A history of divorce and remarriage in the United States
AbstractPurpose – This paper aims to review major historical trends in US divorce rates and the origin of divorce law in the USA, as well as several of the leading explanations for the increased rates of divorce in the 20th century and the impact of these trends on remarriage rates. Design/methodology/approach – Using a historical review, the paper discusses the origins of regional differences, the factors contributing to trends in divorce and remarriage, and the transition in persons pursuing divorce and remarriage throughout the history of the USA. Findings – The paper notes how the advent of industrialization transformed the family and contributed to rising divorce rates and examines common explanations for the dramatic increase in divorce throughout the 20th century. In particular, this review highlights how the feminist movement along with numerous legislative and demographic changes brought about the increased labor force participation of women and female economic independence, which allowed both men and women greater freedom to divorce. As divorce has become a more common event, the number of people eligible for remarriage has increased and the majority of those entering second marriages have shifted from widows and widowers to divorcees. Originality/value – Once scholars better understand the historical background for trends in divorce and remarriage, they can more readily recognize and address the implications for marriage in the present day.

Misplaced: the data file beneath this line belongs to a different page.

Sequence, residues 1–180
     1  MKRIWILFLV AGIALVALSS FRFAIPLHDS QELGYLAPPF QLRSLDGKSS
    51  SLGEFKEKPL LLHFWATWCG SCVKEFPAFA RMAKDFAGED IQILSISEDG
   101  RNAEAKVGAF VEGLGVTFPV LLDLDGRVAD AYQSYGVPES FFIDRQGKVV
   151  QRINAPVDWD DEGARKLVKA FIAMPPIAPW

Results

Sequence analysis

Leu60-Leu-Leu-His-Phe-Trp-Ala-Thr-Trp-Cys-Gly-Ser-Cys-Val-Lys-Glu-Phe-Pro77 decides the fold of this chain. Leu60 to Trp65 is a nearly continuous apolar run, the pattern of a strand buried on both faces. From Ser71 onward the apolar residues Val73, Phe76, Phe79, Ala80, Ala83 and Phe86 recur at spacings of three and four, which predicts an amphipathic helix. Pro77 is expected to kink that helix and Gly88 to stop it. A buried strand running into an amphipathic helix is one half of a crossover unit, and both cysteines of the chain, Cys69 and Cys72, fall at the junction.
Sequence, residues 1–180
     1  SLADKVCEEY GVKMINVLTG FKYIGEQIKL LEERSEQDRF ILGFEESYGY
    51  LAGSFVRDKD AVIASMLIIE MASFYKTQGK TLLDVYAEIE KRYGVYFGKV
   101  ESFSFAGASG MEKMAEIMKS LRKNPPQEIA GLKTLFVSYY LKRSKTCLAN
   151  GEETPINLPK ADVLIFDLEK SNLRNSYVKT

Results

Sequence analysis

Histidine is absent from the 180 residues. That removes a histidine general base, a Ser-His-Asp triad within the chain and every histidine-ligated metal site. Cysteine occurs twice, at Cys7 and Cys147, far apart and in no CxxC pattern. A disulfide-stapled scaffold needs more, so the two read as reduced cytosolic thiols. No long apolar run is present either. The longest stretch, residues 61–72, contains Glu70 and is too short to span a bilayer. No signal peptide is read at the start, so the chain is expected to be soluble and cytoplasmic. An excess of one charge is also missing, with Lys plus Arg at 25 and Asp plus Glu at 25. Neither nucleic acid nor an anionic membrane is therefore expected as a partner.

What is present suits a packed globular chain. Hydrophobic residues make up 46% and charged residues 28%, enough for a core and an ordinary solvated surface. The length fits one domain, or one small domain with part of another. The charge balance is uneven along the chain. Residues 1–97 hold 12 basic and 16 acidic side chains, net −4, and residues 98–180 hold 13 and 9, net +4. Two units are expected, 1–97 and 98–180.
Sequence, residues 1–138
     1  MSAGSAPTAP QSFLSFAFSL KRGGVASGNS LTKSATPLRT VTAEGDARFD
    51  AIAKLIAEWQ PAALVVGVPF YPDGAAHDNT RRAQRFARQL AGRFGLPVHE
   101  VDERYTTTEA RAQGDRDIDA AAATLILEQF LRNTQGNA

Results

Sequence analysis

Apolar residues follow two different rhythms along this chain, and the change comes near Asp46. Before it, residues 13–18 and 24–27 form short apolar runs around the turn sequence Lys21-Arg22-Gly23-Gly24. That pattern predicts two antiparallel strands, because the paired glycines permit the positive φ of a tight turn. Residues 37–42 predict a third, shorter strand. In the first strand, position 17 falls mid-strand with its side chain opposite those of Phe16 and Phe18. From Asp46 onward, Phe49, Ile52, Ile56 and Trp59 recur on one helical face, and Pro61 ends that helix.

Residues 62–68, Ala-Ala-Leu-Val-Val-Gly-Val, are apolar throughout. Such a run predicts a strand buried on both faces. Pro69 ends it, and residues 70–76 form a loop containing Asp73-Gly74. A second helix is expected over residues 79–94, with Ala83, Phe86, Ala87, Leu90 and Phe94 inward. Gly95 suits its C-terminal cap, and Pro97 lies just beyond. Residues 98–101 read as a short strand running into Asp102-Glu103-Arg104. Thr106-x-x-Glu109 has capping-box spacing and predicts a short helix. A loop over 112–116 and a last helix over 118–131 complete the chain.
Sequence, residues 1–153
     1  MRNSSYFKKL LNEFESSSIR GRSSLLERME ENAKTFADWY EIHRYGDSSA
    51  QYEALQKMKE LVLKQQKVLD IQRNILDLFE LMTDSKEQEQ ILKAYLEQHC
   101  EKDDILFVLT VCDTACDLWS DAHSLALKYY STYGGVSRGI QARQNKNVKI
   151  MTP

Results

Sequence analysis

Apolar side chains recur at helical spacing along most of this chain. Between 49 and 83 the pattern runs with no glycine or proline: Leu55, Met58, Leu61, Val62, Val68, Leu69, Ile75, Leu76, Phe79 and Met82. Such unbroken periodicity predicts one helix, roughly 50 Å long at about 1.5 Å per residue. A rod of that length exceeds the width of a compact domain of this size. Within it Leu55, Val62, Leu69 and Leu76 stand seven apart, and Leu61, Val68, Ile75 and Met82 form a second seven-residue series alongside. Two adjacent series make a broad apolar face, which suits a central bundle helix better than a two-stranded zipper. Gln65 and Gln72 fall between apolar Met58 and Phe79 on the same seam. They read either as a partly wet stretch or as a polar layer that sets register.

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Bibliographic InfoArticle provided by Emerald Group Publishing in its journal Humanomics: The International Journal of Systems and Ethics.
Volume (Year): 22 (2006)
Issue (Month): 4 (September)
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Web page: http://www.emeraldinsight.com
Postal: Emerald Group Publishing, Howard House, Wagon Lane, Bingley, BD16 1WA, UK
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- Yi Zeng & S. Morgan & Zhenglian Wang & Danan Gu & Chingli Yang, 2012. "A Multistate Life Table Analysis of Union Regimes in the United States: Trends and Racial Differentials, 1970–2002," Population Research and Policy Review, Springer, vol. 31(2), pages 207-234, April.
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